For consideration, all pitches should be submitted directly to Sydney_Gore@condenast.com (trend reports + evergreen service features + shopping stories) or Zoe_Sessums@condenast.com (home tours + renovation) with a subject along the lines of “PITCH FOR CLEVER” in the following format:
- An introduction: If you’re reaching out for the first time, please provide a short bio and links to some of your published clips. We don’t need a full-on cover letter, but it’s never a bad idea to show us your portfolio or website so we can review your credentials. Pull up and tell us what you bring to the table!
- A working headline: Give us a sense of the angle and tone that you have in mind for your story. Is it a roundup? An explainer? A how-to? An interview? Let us know!
- A brief description: Be specific about what the story will cover, how it will be framed, and what questions you’re aiming to answer. Tell us about your vision for the story and how you intend to execute it. Please keep it brief, no more than a paragraph or less.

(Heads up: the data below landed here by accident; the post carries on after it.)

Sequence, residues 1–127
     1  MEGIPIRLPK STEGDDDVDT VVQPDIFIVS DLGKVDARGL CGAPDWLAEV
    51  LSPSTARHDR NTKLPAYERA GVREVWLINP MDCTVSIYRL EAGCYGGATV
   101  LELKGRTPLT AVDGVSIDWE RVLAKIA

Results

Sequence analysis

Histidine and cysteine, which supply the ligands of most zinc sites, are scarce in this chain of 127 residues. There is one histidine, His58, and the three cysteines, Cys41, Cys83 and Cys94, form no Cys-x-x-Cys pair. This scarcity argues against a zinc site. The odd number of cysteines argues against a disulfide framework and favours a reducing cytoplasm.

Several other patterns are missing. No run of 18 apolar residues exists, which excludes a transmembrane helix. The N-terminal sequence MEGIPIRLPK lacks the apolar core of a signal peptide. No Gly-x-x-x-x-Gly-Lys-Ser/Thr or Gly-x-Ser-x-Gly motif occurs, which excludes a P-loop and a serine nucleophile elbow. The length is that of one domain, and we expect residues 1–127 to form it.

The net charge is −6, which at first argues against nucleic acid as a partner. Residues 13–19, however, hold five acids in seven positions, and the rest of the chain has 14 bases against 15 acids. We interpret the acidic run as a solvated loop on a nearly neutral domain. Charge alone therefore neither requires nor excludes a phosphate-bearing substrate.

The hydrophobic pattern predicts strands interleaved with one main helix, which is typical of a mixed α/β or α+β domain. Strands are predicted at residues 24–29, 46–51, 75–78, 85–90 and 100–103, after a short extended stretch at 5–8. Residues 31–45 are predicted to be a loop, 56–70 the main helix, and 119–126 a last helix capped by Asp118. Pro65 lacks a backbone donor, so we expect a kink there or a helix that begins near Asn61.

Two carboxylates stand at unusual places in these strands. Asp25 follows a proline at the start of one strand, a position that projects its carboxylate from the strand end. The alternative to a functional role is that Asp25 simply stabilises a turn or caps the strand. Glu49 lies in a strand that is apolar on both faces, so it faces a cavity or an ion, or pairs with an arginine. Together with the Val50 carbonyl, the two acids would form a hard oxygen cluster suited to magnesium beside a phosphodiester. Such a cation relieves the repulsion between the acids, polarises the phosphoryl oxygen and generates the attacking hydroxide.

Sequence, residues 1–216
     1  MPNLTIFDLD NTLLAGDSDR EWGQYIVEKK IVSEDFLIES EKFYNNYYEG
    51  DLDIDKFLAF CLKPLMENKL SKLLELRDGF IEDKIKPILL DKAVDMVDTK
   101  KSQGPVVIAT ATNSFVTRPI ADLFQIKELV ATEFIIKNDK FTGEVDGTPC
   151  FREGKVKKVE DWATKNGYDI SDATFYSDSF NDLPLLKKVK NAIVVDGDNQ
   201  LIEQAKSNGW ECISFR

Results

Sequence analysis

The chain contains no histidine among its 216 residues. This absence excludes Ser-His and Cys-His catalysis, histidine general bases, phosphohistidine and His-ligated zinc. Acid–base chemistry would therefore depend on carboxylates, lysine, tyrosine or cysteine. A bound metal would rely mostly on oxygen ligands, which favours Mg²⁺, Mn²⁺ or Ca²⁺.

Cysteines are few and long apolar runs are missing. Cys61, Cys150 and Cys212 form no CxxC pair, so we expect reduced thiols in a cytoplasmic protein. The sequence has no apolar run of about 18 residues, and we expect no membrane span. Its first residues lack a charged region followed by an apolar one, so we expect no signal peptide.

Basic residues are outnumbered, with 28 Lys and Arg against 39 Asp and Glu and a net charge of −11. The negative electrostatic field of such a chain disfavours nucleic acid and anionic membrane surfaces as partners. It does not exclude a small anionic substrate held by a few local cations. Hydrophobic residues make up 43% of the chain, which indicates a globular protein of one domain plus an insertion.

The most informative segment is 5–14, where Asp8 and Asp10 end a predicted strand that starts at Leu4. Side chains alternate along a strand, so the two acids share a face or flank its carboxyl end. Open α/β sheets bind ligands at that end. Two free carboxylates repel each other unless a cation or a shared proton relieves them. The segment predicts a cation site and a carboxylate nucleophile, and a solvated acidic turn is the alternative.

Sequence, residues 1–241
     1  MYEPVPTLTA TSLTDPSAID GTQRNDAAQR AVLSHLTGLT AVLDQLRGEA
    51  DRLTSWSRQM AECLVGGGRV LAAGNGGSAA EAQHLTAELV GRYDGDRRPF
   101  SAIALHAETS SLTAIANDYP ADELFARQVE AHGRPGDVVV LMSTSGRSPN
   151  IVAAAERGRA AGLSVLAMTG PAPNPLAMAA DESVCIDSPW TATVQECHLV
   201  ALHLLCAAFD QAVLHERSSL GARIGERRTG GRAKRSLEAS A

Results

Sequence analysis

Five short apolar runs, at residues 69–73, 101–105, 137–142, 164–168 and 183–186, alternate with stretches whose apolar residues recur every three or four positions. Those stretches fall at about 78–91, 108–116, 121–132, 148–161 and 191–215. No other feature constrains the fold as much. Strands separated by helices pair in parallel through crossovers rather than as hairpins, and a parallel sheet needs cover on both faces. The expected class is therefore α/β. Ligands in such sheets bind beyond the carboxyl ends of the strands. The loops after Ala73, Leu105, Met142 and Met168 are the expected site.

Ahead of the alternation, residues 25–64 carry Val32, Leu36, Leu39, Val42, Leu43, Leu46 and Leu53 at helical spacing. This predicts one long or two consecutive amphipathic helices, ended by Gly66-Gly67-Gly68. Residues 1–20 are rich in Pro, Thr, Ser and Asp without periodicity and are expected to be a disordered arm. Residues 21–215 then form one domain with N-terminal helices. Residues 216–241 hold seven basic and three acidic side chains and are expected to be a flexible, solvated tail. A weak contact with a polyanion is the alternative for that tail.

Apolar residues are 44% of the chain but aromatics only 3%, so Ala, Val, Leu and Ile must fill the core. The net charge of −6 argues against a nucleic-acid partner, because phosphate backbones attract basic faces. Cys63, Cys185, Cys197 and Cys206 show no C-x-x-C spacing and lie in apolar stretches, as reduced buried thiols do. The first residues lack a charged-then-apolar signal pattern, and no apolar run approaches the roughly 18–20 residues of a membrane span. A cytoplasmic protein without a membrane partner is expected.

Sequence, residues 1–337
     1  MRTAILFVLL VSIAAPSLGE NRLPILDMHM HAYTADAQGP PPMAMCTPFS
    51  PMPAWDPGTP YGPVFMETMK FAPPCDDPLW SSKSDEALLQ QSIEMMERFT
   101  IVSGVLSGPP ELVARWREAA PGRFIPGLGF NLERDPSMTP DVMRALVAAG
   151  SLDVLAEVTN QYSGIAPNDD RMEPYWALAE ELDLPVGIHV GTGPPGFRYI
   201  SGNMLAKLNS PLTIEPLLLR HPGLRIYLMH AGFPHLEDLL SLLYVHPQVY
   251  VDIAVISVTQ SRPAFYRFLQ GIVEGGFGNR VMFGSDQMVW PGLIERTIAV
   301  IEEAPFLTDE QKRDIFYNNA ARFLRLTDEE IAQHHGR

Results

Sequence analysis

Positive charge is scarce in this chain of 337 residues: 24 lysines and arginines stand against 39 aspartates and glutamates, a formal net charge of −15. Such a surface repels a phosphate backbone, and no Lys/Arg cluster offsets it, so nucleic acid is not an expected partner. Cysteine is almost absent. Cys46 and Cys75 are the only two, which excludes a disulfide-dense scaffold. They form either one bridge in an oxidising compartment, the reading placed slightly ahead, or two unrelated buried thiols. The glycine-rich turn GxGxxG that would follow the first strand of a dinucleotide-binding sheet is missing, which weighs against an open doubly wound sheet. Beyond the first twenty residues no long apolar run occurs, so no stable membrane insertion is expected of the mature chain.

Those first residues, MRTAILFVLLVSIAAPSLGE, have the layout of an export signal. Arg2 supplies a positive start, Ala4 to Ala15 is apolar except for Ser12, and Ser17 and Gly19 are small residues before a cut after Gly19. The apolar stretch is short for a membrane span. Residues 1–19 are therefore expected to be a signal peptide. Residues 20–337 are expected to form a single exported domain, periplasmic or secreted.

- A list of sources: Any type of reported piece will require speaking to relevant experts on the subject so please come prepared with who you specifically have in mind. Ideally, your group of sources are diverse and inclusive.
- Time sensitivity: Note if the story is timely so we can prioritize it accordingly.
- Images: Attach any relevant photos that would correspond with the assignment. (Dropbox link or Google Drive is preferred)
Rate: start at $200 and the majority of commissioned stories hit the 700 word mark unless otherwise specified.